Recreating the Country blog
Trouble from the Veldt has appeared in my ‘backyard’ in the form of three invasive grasses that are threatening to displace remnant grasslands in three reserves that I help manage. The indigenous plants that have succumbed are extremely tough and hardy, but they are no match for this trio from the Veldt.
The South African Veldt is a wide open plain and its literal translation from Afrikaans is ‘field’, originating from Old Dutch. In South Africa the Veldt can be predominantly grasslands or a combination of grassland with shrubs and open woodlands. This type of landscape will sound very familiar to Australians.
Because of its exposed, dry climate the Veldt has produced plants that are very tough, so not surprisingly the Veldt grasses that were introduced to Australia as pasture grasses and for binding sandy soils, have adapted so well that they have invaded many waterways and nature reserves in Western Australia, South Australia and Victoria.
The three Veldt grasses causing the trouble are Panic Veldt Grass, Ehrharta erecta, Annual Veldt Grass, E. longiflora and Perennial Veldt Grass, E. calycina. Each species of grass is very invasive, fast growing, have done well in the extreme dry of the recent drought years and adapt well to wet years as long as the soil is well drained. They seem pretty bullet proof though some chinks in their armour are beginning to appear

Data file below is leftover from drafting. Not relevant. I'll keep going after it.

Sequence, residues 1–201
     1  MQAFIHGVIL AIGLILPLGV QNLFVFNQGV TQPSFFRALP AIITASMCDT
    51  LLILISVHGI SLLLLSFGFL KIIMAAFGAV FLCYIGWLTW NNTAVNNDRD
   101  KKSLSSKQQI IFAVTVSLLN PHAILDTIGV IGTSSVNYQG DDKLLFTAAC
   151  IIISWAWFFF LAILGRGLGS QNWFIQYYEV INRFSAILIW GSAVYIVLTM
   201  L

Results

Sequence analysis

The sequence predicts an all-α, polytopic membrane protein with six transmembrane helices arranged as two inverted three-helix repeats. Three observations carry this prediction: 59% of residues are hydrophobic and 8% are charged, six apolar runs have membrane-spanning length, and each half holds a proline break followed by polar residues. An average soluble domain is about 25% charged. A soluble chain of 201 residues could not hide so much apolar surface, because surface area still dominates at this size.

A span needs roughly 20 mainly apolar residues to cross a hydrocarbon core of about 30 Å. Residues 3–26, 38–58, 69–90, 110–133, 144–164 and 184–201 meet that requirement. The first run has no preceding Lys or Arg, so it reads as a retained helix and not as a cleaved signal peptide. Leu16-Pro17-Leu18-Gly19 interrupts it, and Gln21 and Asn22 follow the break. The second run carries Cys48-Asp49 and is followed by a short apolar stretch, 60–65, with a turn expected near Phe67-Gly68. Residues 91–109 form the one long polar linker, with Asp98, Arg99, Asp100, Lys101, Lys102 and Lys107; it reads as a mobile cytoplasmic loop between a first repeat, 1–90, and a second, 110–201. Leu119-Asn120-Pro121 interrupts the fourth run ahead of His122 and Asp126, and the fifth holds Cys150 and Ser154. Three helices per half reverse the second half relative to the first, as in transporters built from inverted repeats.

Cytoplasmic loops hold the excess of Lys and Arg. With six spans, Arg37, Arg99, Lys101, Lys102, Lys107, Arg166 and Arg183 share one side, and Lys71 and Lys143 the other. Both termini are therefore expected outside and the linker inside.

In Central Victoria near Teesdale and Inverleigh which is my backyard, these Veldt grasses have invaded grasslands and grassy woodlands, displacing many of the indigenous grassland plants. Disappointingly they are not considered pest plants by government departments because they are not a pest for the farming community, though the departments will indirectly fund their control because they are causing a loss of biodiversity.
Stephen Murphy is qualified in Geology and Environmental Management and has been a nurseryman and a designer of natural landscapes for over 30 years. He loves the bush, supports Landcare and is a volunteer helping to conserve local reserves.